In Session 12 Intersections, there’s a very handy observation exercise that could be adapted and assigned at the end of the first classroom session and discussed at the beginning of the next one. Students are directed to spend at least 10-15 mins at a busy intersection with traffic lights. “watch and rate the drivers on how well they observe, communicate and follow the rules” and they are directed to rate at least 10 drivers. They are to notice these types of things: whether a driver scans the intersection before moving; signals well ahead, stops before the stop line, follows the right-ofway rules, uses correct lane tracking; speed; and stopping for a yellow light “if it is safe”. Session 13 involves curve research where the student is directed to specifically note the path vehicles take around curves, the speed they go, and whether and when drivers apply their brakes.

    Iow, the student—once again the best kind of adult-learning/student-centered teaching—is given the opportunity to look at normal traffic from a rider’s perspective before attempting to ride in traffic. To re-evaluate and re-see what they take for granted in their cars. And what the student is directed to look at goes directly to the heart of what can save their lives: better hazard awareness and risk perception.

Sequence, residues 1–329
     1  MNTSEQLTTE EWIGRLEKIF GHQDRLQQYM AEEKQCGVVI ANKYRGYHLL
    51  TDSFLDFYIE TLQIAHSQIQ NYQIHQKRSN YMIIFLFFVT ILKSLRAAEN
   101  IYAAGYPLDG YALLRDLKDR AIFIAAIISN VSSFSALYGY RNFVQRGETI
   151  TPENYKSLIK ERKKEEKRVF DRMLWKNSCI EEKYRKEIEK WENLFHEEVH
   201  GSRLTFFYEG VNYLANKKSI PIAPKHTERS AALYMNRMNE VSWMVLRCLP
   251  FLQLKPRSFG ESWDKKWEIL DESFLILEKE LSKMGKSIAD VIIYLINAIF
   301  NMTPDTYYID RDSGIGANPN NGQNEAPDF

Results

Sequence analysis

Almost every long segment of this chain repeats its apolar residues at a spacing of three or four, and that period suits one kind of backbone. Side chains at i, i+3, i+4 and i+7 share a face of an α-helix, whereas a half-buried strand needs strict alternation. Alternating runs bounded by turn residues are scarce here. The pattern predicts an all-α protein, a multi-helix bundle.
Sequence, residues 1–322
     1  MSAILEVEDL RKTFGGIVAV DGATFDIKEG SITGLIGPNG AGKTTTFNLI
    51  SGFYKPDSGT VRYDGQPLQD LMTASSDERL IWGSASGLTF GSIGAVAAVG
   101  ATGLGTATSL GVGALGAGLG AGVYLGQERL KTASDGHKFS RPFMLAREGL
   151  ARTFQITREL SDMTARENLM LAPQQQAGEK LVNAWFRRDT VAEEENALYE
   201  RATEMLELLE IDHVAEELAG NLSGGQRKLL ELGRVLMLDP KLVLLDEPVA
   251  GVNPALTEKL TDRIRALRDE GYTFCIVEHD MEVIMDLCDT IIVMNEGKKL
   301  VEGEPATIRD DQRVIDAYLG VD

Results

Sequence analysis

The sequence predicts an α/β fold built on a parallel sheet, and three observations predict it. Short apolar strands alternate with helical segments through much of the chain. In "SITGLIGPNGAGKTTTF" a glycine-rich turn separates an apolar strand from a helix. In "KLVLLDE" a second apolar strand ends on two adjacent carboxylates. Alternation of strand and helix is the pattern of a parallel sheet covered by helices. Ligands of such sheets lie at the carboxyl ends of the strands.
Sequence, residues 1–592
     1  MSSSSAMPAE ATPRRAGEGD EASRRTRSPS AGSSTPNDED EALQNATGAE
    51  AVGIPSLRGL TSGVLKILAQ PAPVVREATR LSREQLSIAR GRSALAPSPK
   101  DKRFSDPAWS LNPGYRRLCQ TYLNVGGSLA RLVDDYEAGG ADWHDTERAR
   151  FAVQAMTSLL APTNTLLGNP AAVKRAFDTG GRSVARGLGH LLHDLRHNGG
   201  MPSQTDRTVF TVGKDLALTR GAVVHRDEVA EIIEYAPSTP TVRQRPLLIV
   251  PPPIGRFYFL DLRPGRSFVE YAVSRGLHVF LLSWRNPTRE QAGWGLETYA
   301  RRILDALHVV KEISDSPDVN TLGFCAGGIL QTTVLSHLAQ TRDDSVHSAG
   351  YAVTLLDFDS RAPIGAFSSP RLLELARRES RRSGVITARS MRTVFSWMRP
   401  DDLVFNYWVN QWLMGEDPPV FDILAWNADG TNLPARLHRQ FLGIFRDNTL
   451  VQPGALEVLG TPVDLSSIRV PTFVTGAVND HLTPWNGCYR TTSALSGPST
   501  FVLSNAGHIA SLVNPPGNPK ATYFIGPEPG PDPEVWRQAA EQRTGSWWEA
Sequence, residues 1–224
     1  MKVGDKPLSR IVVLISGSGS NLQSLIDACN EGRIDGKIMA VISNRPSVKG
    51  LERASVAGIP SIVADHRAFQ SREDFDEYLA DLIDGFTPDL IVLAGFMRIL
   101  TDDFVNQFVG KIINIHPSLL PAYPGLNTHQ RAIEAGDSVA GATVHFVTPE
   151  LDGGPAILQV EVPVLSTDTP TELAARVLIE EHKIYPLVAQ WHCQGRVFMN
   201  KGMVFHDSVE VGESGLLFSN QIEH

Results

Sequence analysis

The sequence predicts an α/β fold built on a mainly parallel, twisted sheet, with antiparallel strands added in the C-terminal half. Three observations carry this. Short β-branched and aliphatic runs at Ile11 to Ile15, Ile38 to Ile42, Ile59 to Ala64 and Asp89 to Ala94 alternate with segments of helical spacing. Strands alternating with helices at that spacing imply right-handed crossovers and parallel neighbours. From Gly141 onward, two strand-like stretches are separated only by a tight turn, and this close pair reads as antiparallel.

Since these exercises take place apart from the course, there’s no reason why a safety-minded instructor/program wouldn’t add these into the course.

    And, of course, the ICBC includes so much of the information that the RETS-DOT committee and Ochs/Raines didn’t feel was important to safety—things like correcting one’s path in a curve, how exactly to start on a hill and so forth.

    All in all, I think any rider educator—instructor or administrator—will benefit from reading the ICBC manual. And, I think, it’s going to be abundantly clear that the M$F curriculum can do much better than it is at creating a safety-conscious and skilled rider than they do now.

    It should be noted that the British Columbia curriculum (this manual is just in addition to the actual riding course) was the only one where a correlation between effectiveness and training was found by researchers. And, it should be noted as well, that despite a similar boom in motorcycle sales and registrations, Canada’s motorcyclists are not having the enormous, out-of-proportion increases in fatalities.

    Iow, there just might be a connection between Canadian curriculum—whether in manual or course—and safer riding. For that reason alone, it might be worthwhile looking at the ICBC manual since, because of an alleged verbal agreement with the CSC president and Tim Buche, we cannot get or use the Canadian materials south of the border.

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  3. #2
    Waiting for the sun Array rivan's Avatar
    Join Date
    Apr 2006
    Lower Mainland
    Gee Ess Ex Are

    Iow, the acronym for "see, think, do" is what?
    If sunflower oil comes from sunflowers and olive oil comes from olives.....then where does baby oil come from?

    I put the FU in FUN :flip